Modern microfilm and microfiche conversion services offer digital archiving — and so much more.
We understand archived microform represents invaluable information you’re entrusted to preserve. Choosing the right vendor and the right time for conversion is of vital importance...
Table of Contents:
- 3 Reasons to Use Microfiche and Microfilm Conversion Services
- What is Microfilm?
- What is Microfiche?
- What is the Difference Between Microfilm vs Microfiche?
- What are the Similarities Between Microfilm and Microfiche?
- Why We're the Experts at Microfilm and Microfiche Conversion
What is Microfilm?
Microfilm is a version of microform record storage that utilizes a roll of photographic film to store a copy of original hard copy papers in a much smaller format. Rolls of microfilm usually measure 16mm or 35 mm tall, which makes boxes of documents much easier to store and archive.
Normal size documents, such as 8.5 x 11 letter size pages, use 16mm film. But large-format documents, like architectural or engineering drawings, fit better on 35mm film. Rolls or reels of film can store up to 2,500 pages, or 500 drawings.
What is Microfiche?
Microfiche is similar to microfilm but stores document images on flat sheets of microfilm and as a result, stores fewer images.
There are several kinds of microfiche sheets, but most sheets measure 4 by 6 inches and can store 100 letter-size document images at the most. As these are flat sheets, they can easily be stored by stacking them.
To assist humans and machines with quickly understanding what is contained on a sheet, there is a blank white area that can be labeled with a department's name, organization or person's name, case number, and date. (See example above.)
What is the Difference Between Microfilm and Microfiche?
While both microform materials are essentially scaled-down reproductions of normal-size documents, there are several noticeable differences between microfilm vs microfiche, which includes:
PHYSICAL SIZE: Microfilm comes in reels or rolls of either 16mm or 35mm film, and the rolls can measure up to 100 or 215 feet long when completely unrolled. But microfiche is much smaller; it comes in flat sheets of film that measure 4 by 6 inches.
COST: Microfilm costs less than microfiche to scan and store, based on image by image comparisons.
STORAGE SIZE: Microfilm stores up to thousands of document images, while microfiche stores tens or hundreds of images.
STORAGE USE: As the storage capacity for microfilm is greater than microfiche, film usually contains tens or hundreds of separate documents. Microfilm can contain groups of documents that have fewer pages, but are larger in the total quantity.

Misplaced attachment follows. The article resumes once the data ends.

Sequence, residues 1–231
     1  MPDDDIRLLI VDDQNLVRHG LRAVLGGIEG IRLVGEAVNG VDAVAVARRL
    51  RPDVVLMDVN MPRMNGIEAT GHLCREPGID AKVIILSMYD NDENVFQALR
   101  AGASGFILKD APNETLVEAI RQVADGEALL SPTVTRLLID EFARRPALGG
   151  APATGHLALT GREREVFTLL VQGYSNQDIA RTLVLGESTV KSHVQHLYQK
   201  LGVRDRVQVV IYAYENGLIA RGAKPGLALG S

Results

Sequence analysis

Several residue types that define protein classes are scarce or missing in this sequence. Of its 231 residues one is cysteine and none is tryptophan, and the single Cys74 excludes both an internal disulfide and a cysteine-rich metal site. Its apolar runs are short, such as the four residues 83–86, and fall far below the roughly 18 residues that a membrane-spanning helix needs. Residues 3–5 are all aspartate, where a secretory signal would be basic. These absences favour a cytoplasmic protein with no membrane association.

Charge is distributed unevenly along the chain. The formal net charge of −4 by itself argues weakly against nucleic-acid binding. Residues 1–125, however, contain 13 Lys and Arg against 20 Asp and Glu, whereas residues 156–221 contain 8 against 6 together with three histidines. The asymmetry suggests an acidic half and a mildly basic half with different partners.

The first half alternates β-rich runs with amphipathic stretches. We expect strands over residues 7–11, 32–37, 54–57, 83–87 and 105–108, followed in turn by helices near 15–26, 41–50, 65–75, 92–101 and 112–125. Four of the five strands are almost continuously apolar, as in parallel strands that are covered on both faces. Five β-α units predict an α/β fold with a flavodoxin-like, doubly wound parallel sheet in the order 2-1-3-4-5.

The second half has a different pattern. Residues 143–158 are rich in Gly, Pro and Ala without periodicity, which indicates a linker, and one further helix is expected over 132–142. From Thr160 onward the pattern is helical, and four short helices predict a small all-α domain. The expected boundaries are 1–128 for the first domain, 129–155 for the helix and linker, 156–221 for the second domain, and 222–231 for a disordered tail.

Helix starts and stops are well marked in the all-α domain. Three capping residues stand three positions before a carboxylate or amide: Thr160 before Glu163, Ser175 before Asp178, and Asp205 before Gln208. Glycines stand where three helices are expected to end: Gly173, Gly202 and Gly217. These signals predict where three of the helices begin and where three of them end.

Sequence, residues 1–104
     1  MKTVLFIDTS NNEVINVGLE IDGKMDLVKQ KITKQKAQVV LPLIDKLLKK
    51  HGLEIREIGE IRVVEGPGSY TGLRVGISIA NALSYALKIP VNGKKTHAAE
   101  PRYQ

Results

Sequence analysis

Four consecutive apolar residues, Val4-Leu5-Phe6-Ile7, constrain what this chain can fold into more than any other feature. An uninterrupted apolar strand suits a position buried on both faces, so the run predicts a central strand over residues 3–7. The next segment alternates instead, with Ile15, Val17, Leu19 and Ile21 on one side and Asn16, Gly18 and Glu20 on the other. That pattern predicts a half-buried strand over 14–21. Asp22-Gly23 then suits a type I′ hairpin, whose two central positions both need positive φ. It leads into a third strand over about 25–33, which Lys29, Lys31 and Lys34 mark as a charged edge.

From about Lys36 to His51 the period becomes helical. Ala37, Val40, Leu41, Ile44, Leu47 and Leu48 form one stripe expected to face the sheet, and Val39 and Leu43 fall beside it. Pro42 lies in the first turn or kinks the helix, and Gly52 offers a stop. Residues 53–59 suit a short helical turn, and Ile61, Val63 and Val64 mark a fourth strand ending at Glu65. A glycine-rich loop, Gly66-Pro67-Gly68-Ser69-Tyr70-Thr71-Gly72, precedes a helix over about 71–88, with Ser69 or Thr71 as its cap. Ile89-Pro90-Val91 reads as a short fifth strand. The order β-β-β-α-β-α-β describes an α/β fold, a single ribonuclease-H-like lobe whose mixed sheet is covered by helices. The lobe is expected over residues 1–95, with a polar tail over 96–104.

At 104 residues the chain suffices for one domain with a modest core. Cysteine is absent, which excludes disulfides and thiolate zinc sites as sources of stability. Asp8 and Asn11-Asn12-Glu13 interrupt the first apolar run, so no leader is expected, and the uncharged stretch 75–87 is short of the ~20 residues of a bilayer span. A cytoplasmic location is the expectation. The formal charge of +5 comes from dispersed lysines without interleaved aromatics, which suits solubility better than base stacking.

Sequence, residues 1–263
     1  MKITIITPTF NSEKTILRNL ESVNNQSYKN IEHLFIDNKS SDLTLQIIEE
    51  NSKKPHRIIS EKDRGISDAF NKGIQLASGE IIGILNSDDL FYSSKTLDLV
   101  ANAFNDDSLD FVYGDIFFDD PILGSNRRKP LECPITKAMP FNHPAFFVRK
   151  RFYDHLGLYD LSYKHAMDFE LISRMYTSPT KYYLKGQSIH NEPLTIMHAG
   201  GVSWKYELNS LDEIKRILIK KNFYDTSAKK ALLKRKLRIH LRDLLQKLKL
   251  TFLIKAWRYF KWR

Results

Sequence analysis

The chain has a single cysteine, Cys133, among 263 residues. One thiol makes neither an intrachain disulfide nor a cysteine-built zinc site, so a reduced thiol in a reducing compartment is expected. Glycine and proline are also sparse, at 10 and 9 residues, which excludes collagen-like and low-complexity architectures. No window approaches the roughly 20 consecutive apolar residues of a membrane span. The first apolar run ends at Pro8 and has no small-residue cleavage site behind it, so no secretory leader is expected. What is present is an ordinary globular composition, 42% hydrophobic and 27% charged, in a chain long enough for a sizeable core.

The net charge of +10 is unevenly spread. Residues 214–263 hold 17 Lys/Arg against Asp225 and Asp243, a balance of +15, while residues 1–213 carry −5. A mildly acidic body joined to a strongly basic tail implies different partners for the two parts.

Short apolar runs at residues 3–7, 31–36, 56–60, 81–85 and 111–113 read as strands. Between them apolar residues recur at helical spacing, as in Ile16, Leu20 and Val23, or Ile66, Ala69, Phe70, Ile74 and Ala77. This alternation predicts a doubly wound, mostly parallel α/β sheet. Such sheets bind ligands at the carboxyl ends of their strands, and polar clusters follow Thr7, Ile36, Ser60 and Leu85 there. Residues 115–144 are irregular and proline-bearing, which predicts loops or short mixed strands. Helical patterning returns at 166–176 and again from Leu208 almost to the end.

However, fiche is normally used for one separate batch of documents that number up to 100 pages. A patient's records are a good example of documents that would be stored on microfiche as that batch can be stored separately from someone else's records.
What are the Similarities Between Microfilm and Microfiche?
As there are differences between microfilm vs microfiche, there are many parallels the two share. Among them are:
STORAGE REQUIREMENTS: Microfiche and microfilm must be stored in rooms away from sunlight that have low humidity levels (below 50%), and cool but not cold temperatures (below 70 but not freezing, either). If these conditions are not met, the information on microform is at risk of being destroyed. More on this here.
READ BY: Both can be read by using microfilm reader/printers. They can also be read by the low-tech way - by just using a magnifying glass or loupe and the naked eye.
DIGITIZATION: Both forms of micro data can be scanned with conventional scanning technology to store and read digitally.
Check Out Our Free Guide on Microfilm and Microfiche Conversion and Scanning:
Download our helpful e-guide to microfilm and microfiche conversion! You will learn:
- 6 Things to Look for in a Microform Processing Solution
- The steps to expect in a microform conversion
- How to quickly fix conversion indexing mistakes
Here are 3 Reasons to Use Microfiche and Microfilm Conversion Services:
- Environmental Factors Can Destroy Film and Fiche
- Improved Document Images through Microfiche and Microfilm Conversion
- Easy Access to Data on Microfilm and Microfiche
Reason #1: Environmental Factors Can Destroy Film and Fiche
There are 3 film types; Silver-Halide, Diazo, and Vesicular. Each is susceptible to damage from a variety of factors which can be avoided.